In 2004, 370 of 1,394 reporting hospitals offered some complementary alternative medicine (CAM) services in the U.S. Of the 370 hospitals reporting CAM services, 11.5% (42 hospitals) reported inpatient acupuncture services.1
This threefold increase since 1998 demonstrates the growing use of and demand for acupuncture services in hospitals. This trend is driven by patient demand and clinical effectiveness. Acupuncture is a safe treatment modality hospital physicians should be familiar because it can benefit patients in the inpatient setting.
Origins of Acupuncture
The first use of acupuncture is not known. The earliest medical textbook on acupuncture was The Medical Classic of the Yellow Emperor, written about 100 B.C. The first translation of this text into English was in 1949.2
The book outlined the theory of a system of six sets of symmetrical channels on the body’s surface, which it called meridians; along these, it posited an intricate network of points.3 Needling the points was supposed to manipulate or release the flow of energy or life force—Qi—to the internal organs, thereby alleviating symptoms. Heating acupuncture points with burning herbs—moxibustion—was also purported to relieve pain.
Acupuncture in the U.S.
The first documented use of acupuncture in the United States occurred in the 19th century. In 1826, Bache used it to treat lumbago.4 During that same era, William Mosley used acupuncture to treat patients with lumbago and sciatica.5
In 1971, a first-person account of the use of acupuncture by New York Times reporter James Reston excited great interest in the technique. Reston was introduced to the procedure to relieve pain after an emergency appendectomy during a trip to China with Henry A. Kissinger.6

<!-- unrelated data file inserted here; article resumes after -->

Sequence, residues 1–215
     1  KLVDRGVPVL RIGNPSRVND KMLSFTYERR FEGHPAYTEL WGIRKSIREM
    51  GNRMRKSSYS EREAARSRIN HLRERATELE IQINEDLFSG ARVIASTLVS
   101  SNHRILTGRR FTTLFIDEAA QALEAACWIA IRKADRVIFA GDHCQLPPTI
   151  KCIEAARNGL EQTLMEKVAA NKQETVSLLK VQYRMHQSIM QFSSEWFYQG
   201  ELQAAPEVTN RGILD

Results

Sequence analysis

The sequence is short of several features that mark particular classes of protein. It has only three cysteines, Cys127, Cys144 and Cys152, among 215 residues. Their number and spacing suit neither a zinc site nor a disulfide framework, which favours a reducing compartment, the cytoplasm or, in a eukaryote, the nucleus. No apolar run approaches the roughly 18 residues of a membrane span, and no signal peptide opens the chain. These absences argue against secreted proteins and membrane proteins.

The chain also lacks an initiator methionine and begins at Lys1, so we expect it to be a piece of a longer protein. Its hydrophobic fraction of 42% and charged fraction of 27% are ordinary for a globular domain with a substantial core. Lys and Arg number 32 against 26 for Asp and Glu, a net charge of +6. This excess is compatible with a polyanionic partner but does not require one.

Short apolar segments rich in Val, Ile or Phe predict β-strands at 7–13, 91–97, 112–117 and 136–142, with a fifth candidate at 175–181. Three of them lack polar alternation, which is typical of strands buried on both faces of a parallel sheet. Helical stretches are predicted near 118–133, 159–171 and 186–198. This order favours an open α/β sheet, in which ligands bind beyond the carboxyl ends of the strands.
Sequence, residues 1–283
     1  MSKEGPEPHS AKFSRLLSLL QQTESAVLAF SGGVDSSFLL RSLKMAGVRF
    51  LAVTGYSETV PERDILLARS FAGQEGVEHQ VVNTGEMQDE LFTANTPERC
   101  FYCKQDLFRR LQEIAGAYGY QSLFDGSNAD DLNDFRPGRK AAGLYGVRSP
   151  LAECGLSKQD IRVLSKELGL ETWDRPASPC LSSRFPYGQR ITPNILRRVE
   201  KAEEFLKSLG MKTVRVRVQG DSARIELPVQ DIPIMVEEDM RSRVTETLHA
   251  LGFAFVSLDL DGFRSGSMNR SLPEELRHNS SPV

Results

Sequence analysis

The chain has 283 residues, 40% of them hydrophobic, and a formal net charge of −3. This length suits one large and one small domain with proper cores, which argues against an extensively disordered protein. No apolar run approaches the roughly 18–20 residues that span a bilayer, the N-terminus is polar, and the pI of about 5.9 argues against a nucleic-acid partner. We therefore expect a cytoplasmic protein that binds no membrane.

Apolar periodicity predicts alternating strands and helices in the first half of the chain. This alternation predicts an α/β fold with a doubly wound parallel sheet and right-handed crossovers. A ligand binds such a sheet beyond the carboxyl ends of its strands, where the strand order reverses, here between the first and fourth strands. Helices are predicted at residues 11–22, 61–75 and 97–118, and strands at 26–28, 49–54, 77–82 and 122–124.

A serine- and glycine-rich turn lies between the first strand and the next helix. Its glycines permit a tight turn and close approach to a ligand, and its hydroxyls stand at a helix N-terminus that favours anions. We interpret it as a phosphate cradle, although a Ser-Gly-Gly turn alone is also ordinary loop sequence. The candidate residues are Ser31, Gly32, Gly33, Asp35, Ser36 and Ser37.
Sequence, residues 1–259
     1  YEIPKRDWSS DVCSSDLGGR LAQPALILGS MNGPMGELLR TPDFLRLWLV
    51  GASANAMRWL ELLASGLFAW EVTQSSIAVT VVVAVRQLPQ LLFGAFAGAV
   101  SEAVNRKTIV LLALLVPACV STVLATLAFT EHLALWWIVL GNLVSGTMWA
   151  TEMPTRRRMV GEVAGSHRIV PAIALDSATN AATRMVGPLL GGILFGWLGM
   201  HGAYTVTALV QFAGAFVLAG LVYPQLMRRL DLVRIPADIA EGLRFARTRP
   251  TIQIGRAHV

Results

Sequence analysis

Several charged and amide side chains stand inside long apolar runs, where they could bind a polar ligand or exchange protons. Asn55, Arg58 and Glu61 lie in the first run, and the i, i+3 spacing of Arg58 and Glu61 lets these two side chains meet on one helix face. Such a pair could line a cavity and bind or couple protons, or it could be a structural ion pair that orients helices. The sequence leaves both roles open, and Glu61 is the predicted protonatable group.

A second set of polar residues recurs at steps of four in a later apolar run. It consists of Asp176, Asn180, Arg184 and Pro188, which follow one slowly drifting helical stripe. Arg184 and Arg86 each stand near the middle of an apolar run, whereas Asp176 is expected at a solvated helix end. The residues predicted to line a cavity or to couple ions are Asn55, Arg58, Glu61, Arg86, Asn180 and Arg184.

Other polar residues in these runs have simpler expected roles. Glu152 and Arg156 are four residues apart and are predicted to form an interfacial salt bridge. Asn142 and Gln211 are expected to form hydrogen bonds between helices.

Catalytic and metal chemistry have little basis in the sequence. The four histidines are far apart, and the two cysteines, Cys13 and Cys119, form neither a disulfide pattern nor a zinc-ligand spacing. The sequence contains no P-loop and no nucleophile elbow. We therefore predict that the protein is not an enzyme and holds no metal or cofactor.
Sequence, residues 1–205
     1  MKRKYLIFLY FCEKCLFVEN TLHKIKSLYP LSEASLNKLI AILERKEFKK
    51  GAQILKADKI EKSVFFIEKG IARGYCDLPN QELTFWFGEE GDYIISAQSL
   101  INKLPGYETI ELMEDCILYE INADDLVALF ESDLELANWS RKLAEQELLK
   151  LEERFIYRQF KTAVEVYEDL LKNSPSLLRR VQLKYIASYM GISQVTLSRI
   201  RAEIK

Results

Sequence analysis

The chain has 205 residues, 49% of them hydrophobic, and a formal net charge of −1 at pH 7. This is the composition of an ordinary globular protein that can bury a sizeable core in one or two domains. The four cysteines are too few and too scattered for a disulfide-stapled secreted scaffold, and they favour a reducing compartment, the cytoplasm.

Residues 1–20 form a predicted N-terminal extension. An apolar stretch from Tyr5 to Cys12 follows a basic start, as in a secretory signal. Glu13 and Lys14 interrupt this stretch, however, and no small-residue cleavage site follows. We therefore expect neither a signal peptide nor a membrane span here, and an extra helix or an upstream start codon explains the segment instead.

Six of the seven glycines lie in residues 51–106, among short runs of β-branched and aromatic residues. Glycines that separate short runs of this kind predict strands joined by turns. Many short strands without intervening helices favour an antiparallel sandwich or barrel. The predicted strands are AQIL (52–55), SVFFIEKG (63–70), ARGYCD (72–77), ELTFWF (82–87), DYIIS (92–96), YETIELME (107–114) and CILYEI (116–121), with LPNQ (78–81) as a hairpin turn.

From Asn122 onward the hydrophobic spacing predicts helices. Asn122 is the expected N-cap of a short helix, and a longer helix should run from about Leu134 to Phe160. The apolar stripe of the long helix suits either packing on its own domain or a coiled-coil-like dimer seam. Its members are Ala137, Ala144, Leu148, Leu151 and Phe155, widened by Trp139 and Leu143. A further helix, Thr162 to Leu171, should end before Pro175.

Since then, there has been a steady increase in the use of acupuncture by physicians. The American Academy of Medical Acupuncture, the only physician-based acupuncture society in North America, was formed in 1987; in 1992, the Office of Alternative Medicine was created within the NIH. In November 1997, the Food and Drug Administration (FDA) removed the experimental designation for acupuncture needles and approved their use by licensed practitioners. By 1993, the FDA had a record of more than 9,000 licensed acupuncturists, estimated to be providing more than 10 million treatments annually at a cost in excess of $500 million.7
Acupuncture is part of the quasi-medical area of complementary and alternative medicine, whose practitioners field more visits annually than all primary-care physicians in this country combined.8 Most acupuncturists practice the Chinese technique.9
Licensing requirements vary by state.10 As acupuncture has gained popularity and respect, and as its benefit for various medical conditions has been proved in high-quality studies, many well-established medical institutions and universities have begun to integrate it with more traditional Western medical treatments.
The early Chinese theories about how best to perform acupuncture were varied and sometimes conflicting.11 Early treatments using heat, bloodletting, and crude stone implementation evolved over centuries into the intricate practice known today.
Western scientists first became seriously interested in researching the effects of acupuncture in the 1970s. Many of the early studies were poorly designed, and the results were often not reproducible. They were not sufficiently randomized or blinded, and placebo controls were unreliable or nonexistent. To date, no single theory has been put forth that can explain all the phenomena associated with acupuncture treatment.